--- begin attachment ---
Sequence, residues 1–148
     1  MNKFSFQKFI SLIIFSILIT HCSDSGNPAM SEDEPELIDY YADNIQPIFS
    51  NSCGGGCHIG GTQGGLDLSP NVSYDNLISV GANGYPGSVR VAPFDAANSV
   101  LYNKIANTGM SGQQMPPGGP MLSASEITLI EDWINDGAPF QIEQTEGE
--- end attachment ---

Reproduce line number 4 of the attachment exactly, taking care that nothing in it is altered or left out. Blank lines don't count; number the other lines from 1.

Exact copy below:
   101  LYNKIANTGM SGQQMPPGGP MLSASEITLI EDWINDGAPF QIEQTEGE